Episode-440- Expanding Your Financial IQ – Part 2 — 6 Comments

  1. A very tough subject to make sensible in an hour show. Here are some of my suggestions for follow up research and educational tools that I listen or read.

    Mutual Funds… The best podcast that I know of belongs to Adam Bold called the “mutual fund show” which takes calls from listeners and breaks down their fund choices. By listening to several weeks and several archived shows you can put togeather a nice group of reccomended fund choices. He has a product to sell, but differs from many in that he is a fee based advisor which is different than Dave Ramsey type ELP’s or your local bank investment representative that sells you loaded funds.

    Investment shows and/or podcasts…

    Bob Brinker has a nationally syndicated radio talk show on Saturday and Sunday. If he is not playing on your local radio station, you can listen to this show via KGOAM radio website, iphone app or via directly via Brinkers listen on demand subscription. Lots of politics, rants against Washington, with sensible investment and personal finance advice.

    Disciplined Investor Podcast… An hour weekly podcast that focuses on alot of short term trading but is very educational even if you are not a trader. Can be somewhat technical but gives you great insight from a different point of view. He has many guests and isn’t abnoxious pushing the products he offers investors. It’s put on by Andrew Horowitz.

    Value Line observer podcast… This is a weekly podcast by a guy called “Val Hughes” with nothing to sell! He’s a money manager that reviews each weekly edition of Value Line and chooses three stocks of interest.

    Books on buying individual stocks…

    Contrarian Investor by David Dreman is an easy read with simple formulas.

    Intelligent Investor by Ben Graham… dated but worthwhile.

    Guru Investor by John Reese… Compilation of biographies of the legends of Value Investing. Includes Buffett, Graham, Dreman, Peter Lynch among others and gives a simple breakdown of how they choose stocks.


    Value Line… is likely the best source for researching stocks. They offer model portfolio’s for growth, value, income as well as opinions on thousands of stocks. Just the large cap subscription costs $300 annually. Small and mid-cap edition is extra. Beauty of it is that your local library often carries it and you can view them for free.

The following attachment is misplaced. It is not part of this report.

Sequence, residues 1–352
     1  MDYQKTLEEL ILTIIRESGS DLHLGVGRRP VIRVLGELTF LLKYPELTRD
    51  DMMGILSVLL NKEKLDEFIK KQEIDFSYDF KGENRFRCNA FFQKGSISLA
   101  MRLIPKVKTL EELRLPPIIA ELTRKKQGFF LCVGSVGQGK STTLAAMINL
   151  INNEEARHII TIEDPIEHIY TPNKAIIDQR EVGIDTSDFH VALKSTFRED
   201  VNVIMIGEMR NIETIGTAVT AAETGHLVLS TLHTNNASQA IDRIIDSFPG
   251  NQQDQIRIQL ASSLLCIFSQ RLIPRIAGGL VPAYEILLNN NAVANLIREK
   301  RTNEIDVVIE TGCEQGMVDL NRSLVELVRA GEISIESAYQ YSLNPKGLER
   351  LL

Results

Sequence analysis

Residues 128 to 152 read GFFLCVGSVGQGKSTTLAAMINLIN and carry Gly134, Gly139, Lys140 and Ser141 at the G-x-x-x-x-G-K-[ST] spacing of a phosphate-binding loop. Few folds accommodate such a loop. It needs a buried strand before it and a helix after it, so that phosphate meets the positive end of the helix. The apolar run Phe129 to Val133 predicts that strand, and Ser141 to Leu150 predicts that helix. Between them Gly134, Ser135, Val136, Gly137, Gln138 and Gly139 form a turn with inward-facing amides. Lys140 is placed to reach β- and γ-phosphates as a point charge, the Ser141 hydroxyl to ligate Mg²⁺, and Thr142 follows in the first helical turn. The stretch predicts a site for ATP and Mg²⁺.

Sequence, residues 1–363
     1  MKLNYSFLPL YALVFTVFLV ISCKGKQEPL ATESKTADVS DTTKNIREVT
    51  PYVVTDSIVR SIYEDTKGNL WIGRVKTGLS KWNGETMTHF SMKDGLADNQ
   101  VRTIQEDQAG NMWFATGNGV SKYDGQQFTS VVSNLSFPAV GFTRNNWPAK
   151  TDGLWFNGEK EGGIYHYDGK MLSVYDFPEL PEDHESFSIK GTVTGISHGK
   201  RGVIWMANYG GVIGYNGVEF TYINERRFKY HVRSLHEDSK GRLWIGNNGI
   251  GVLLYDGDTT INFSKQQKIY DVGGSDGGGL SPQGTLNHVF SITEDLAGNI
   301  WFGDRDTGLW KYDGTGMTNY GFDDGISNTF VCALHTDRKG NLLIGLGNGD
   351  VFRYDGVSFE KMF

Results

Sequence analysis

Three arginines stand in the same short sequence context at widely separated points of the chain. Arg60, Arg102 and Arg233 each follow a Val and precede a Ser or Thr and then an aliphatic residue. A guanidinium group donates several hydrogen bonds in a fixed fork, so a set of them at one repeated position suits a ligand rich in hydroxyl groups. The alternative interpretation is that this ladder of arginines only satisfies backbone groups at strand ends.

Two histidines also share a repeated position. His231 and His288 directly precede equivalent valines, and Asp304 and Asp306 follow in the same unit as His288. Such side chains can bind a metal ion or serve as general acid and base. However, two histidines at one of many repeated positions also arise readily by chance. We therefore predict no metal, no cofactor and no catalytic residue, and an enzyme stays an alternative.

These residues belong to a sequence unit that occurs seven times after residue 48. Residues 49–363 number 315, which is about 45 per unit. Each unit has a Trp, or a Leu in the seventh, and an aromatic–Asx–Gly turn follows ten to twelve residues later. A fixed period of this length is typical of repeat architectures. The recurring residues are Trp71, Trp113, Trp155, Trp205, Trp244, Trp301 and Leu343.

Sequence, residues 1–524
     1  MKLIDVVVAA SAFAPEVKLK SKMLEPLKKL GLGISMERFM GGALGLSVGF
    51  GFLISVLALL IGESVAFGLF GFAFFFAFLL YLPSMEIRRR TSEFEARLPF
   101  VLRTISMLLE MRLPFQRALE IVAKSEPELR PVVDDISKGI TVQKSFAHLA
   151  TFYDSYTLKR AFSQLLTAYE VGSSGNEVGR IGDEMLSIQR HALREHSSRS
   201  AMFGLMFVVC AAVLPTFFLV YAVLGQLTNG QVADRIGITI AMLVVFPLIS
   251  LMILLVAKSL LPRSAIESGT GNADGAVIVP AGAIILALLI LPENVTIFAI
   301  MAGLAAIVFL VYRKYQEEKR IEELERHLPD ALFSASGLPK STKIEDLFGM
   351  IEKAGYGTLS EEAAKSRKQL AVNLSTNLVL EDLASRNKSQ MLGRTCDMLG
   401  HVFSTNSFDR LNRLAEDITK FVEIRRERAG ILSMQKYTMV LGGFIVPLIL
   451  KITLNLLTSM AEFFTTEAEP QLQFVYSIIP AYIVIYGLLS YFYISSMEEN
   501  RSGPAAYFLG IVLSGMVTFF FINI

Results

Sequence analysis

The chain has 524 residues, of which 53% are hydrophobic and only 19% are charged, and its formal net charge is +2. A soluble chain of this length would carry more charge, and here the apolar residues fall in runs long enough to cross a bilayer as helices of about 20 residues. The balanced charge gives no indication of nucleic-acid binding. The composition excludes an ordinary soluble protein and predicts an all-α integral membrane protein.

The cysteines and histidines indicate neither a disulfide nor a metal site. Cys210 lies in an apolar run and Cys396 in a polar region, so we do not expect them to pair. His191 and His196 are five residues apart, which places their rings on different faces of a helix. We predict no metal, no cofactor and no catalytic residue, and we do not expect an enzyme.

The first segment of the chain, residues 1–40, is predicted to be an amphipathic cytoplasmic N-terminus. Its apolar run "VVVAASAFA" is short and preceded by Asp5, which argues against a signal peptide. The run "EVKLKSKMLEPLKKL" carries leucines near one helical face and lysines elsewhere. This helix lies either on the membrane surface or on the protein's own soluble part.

Investment Quality Trends… I had a subscription to this in the past and it is a worthy choice. Invests mainly in value oriented stocks that pay dividends.

    I hope these help…

  2. Hey Jack, A great show and definitely a “keeper” for me as it is a great resource to explain the more complexities of our casino economy.

    I wanted to get your take on s/thing if you have a moment. I don’t have silver in my portfolio yet as it seem to be getting overvalued ($18.02 as of this writing, $2.55 off historic high).

    Since the bankstas at JP Morgan have been manipulating silver prices, what do you think the likelihood of them inflating the prices further to lure more investors into the market and when the economic SHTF silver, gold and pretty much everything else will tank, JPM the cronies will come a long and vacuum up the silver, gold and everything else of real, intrinsic value?

    Your thoughts (and thoughts of listeners) are greatly appreciated! Thanks for all you do.

  3. A note about DRIP plans.

    Some offer IRA options. Exxon, Verizon, Walmart, Phiilip Morris/Altria (I think), and a few others.

    The one draw back are the fees are pretty oppressive for somebody buying each month. I calculated about 5% of your total contribution unless you can do a single lump sum.

    If you do a non retirement account then each monthly contribution becomes a taxable event in it’s own right and a real PITA to keep track of. Then there is the the reinvestment of shares which could mean partial shares and such…

    Also, gettig your money quickly or selling the shares are a bit ponderous.

    I think these would be great for Roth and Traditional IRA investment.

  4. I’ve tried DRIPs. This was direct from each company or through their favorite intermediary, usually computershare. As Bob in SC suggested, it was a royal pain.

    I put about $100/month into each stock. Lost $1 of that to a transaction fee. (About half of the stocks were no-fee.) Several years later I cashed it all out to pay down on the mortgage. Discovered that I had basically broken even while the whole market had gone up. A cookie jar would have done about the same.

    Selling the stock caused an avalanche of paperwork. I had to feed all purchase and dividend reinvestment activity data into a big spreadsheet to calculate the cost basis for taxes. It a big waste of my valuable time. There were a few incoming dividends left that ended up as fractional shares, which are still floating around somewhere years later.

    Maybe with etrade it’d be easier. It seems to do a better job of calculating cost basis for my IRAs. I wouldn’t recommend doing non-IRA DRIPs through computershare though.

  5. Another great show Jack! You really know how to break information up and present it in a way that is easy to understand. Just as Political Atheist mentioned above, this show is a “keeper” for sure!